An independent election center says pro-Western candidate Boris Tadic beat his ultra nationalist rival, Tomislav Nikolic, in Serbia's presidential elections receiving 54 percent of the vote. Results show Mr. Nikolic receiving only 45 percent of the vote.
The Centre for Free Elections and Democracy reports that Boris Tadic managed to rally enough supporters behind him to win what has been called the most important presidential election since the ouster of Slobodan Milosevic in 2000.
Analysts says that Mr. Tadic was helped by the slightly higher than expected voter turnout, around 49 percent. Three previous ballots were declared invalid because of a now abolished law that required a minimum turnout of 50 percent.
Western leaders saw Sunday's election as a choice between European integration and international isolation. While Mr. Tadic favors European Union membership and is open for cooperation with the United Nations War Crimes Tribunal, his rival, Tomislav Nikolic, sees the future of Serbia very differently.
Mr. Nikolic had warned that as president he would not force Serbs to surrender to the U.N. court and indicated he wanted the troubled province in Kosovo to remain within the republic. He also made clear that the restless tiny coastal republic of Montenegro, which now forms a lose union with Serbia, should not become independent.
The director of the Centre for Free Elections and Democracy, Zoran Lucic, told VOA News that in the end Mr. Tadic, through grassroots campaigning, managed to convince Serbs that Western integration is best for Serbia. "He had an excellent election campaign. But that campaign was not seen on media. That was a campaign going door-to-door. It was a hidden campaign, sending letters and doing other things. Boris Tadic has a party with very strong infrastructure and they were pressing a part of Serbia where he has more changes than other candidates," he said.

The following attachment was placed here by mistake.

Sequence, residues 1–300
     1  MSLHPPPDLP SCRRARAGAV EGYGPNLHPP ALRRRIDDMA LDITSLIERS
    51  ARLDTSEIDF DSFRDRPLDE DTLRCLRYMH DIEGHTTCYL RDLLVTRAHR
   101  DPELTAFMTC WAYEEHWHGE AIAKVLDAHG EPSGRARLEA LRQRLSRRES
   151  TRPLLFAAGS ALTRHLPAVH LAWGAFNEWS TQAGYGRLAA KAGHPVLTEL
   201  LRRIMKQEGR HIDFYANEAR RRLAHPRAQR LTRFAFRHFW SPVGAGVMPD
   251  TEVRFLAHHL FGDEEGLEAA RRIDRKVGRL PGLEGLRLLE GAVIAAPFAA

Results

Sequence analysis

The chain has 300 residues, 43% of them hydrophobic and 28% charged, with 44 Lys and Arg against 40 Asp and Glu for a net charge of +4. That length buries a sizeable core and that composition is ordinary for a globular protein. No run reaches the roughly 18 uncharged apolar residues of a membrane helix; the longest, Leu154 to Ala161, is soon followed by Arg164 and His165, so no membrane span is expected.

Despite tensions between the ultra nationalist Serbian Radical Party and the Democratic Party, Mr. Lucic said the way the elections were conducted gives some hope for the future. "What I can do is to compare these elections with elections in the Milosevic time. And comparing with the Milosevic time it is silly to talk about the differences. We can say that elections in Serbia at the moment are a lot better and with very high standards compare to the elections in the 1990's," he said.
Mr. Tadic's victory is expected to be welcomed by the EU and the United States, which have contributed huge aid packages for the reconstruction of Serbia after a decade of wars under President Milosevic.
Although the power of Serbia's president is limited under the constitution, the post is seen as important to Serbia's image abroad and to the country's domestic political stability.